Auto Mechanic Shortage Leads Cuyamaca College To Add New Degree - NBC 7 San Diego
Breakfast Buzz

Breakfast Buzz

Your morning dose of need-to-know news, weather and more.

Auto Mechanic Shortage Leads Cuyamaca College To Add New Degree

The Automotive Service Councils of California Associate of Science Degree program is the first of its kind in California

    processing...

    NEWSLETTERS

    Cuyamaca College Partners with Auto Repair Shops

    Cuyamaca College is partnering with local auto repair shops to add a new degree to help fill a shortage of mechanics. NBC 7's May Tjoa has more. (Published Monday, Sept. 10, 2018)

    Cuyamaca College is adding a new associates degree that partners with local, independent repair shops to address a shortage of qualified auto mechanics.

    "We need to bring younger people into our industry. The average age of a technician is well over 50 years," said John Eppstein, owner of John's Automotive Care, who's also an advisor to the college.

    The Automotive Service Councils of California (ASCCA) Associate of Science Degree program is the first of its kind in California.

    Students in the program will take 1,200 hours of classroom instruction and work 1,200 hours at a local repair shop, Eppstein said. 

    The program will also provide resources for students interested in eventually opening their own repair shop.

    "We're going to teach them a little bit about the business because fixing a car at home for yourself is very different than working on a car in a shop."

    As cars become more high-tech, mechanics need to have a broader understanding of how a car is configured.

    "One of the misconceptions of today is we have a computer we plug into the car and it will tell us exactly what is wrong with the car. And that is incorrect," said Eppstein. "We have a piece of equipment we plug into the car and it tells us what part of the car the problem is in. We then need to go in and do testing to figure out what the actual issue is."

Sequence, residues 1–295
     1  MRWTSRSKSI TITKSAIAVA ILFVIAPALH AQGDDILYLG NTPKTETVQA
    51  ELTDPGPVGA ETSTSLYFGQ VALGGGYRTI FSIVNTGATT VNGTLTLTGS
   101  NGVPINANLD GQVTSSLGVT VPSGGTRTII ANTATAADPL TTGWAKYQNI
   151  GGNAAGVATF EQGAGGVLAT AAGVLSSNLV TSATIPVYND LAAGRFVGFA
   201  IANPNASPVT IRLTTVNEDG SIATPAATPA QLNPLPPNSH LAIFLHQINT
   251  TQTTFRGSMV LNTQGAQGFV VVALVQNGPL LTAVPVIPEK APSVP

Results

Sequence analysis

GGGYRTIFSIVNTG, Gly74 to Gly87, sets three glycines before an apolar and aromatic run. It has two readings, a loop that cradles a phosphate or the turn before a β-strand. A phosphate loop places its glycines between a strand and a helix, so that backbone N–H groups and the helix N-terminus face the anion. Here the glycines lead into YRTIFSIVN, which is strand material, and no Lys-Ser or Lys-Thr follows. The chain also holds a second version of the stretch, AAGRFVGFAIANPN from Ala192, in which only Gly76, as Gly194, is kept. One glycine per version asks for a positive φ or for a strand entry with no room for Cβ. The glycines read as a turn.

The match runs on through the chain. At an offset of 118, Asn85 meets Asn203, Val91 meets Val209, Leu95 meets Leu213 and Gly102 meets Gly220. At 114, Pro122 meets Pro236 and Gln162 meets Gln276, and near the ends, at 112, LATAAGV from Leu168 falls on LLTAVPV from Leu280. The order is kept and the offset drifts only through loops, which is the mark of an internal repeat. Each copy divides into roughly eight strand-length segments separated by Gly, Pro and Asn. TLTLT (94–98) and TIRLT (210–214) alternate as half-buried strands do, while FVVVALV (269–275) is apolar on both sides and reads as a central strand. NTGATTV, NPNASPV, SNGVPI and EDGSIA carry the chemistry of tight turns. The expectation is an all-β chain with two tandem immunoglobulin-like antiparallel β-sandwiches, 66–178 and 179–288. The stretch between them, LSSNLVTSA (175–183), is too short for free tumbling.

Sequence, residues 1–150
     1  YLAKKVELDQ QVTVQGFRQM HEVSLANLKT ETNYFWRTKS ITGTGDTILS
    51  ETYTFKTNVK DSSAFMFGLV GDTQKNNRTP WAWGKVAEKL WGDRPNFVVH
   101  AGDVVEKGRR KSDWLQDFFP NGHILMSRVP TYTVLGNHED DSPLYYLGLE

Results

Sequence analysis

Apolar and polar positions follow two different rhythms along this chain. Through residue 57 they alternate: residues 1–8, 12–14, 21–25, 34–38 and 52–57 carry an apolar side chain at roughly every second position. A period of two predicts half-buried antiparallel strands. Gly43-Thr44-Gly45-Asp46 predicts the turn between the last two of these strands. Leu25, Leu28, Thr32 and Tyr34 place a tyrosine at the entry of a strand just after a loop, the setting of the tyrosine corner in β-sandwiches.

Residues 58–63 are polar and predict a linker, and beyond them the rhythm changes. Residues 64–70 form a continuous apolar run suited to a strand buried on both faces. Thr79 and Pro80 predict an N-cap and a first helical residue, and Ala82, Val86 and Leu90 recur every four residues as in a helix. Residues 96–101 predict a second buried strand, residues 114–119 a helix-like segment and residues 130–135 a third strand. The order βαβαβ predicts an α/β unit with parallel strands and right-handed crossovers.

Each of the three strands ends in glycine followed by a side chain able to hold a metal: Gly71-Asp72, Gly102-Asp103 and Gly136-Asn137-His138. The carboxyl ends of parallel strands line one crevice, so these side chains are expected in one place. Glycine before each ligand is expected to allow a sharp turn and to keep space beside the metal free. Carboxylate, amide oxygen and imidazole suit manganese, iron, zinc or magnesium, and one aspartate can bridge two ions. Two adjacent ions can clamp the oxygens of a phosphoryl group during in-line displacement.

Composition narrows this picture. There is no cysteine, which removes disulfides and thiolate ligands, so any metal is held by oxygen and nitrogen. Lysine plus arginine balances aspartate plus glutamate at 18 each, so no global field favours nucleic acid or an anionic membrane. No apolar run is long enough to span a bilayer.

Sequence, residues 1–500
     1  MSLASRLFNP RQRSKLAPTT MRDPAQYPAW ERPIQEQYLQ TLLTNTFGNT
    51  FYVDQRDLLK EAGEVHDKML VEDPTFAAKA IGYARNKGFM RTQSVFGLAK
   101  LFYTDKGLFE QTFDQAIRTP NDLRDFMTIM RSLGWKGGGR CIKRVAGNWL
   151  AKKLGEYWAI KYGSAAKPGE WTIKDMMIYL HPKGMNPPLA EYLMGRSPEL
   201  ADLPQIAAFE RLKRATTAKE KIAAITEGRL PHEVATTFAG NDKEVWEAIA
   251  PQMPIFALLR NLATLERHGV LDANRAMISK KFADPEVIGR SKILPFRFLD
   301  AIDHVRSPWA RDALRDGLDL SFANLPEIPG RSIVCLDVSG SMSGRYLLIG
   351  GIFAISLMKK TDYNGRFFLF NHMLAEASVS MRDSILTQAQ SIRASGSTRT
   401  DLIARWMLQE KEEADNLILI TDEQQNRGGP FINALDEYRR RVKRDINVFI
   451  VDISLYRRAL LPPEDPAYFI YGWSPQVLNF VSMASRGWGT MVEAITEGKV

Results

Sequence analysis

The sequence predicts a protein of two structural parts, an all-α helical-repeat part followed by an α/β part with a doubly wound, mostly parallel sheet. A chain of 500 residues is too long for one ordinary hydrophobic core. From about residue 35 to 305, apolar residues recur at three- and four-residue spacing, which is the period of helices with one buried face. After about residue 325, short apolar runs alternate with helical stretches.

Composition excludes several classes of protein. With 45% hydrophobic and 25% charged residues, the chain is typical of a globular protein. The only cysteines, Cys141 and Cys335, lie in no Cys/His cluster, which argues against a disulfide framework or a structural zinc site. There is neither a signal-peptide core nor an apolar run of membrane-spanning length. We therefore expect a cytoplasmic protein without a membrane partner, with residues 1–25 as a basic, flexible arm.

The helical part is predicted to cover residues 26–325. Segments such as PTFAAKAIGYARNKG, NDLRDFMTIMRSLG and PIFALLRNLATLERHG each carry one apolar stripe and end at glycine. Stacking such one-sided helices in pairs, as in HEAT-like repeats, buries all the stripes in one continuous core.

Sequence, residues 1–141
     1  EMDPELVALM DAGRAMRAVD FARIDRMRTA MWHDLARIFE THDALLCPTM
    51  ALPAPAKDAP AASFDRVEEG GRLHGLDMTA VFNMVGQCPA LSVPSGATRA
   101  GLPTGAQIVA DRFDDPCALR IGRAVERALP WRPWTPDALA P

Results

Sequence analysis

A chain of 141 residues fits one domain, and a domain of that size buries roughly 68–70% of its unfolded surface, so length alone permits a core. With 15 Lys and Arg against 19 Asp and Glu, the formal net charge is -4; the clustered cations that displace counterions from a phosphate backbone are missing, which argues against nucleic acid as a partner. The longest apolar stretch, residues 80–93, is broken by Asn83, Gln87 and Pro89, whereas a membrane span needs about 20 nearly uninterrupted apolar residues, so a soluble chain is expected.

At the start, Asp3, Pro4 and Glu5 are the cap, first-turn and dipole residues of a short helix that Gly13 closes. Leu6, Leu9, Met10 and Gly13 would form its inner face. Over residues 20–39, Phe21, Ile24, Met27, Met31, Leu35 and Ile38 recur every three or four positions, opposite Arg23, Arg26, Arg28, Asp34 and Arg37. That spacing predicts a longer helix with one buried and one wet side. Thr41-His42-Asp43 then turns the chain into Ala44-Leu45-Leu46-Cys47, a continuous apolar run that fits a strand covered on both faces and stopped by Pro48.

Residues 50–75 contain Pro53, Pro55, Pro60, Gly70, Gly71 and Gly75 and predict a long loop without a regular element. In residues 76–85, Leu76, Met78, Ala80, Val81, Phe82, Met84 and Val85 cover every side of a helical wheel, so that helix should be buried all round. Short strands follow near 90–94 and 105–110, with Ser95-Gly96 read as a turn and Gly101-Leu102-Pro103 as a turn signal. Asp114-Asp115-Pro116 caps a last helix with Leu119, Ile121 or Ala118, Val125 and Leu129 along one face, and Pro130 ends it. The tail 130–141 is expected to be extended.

Eppstein said mechanics spend about 75 percent of their time testing and inspecting a vehicle when it comes into the repair shop. The other 25 percent of their time is spent on actually repairing it.

    "There's so many different parts of the car that 20, 25 years ago were all mechanical that are now not only mechanical, but they're electronic as well," explained Eppstein. "Then, there's a lot of components today that 25 years ago were all mechanical, and today, they're all electronic."

    Tony Shelton works at John's Automotive Care and has been an auto technician for 23 years.

    "We go to class every couple of months for the new technologies, learn about what's coming up," said Shelton.

    Shlelton knows with his skills, he'll always have a job.

    "I realized there was a need and no matter where I moved, there was going to be a place to work."

    The two-year degree program begins in January. Cuyamaca College is currently recruiting from the approximately 70 repair shops affiliated with ASCCA in order to form partnerships in developing the next generation of auto mechanics.

    Cuyamaca College has been offering similar programs in partnership with Ford and GM dealerships since the 1980s and '90s, and according to the college, 99 percent of the graduates are hired by sponsoring dealerships, with starting salaries of about $22 an hour.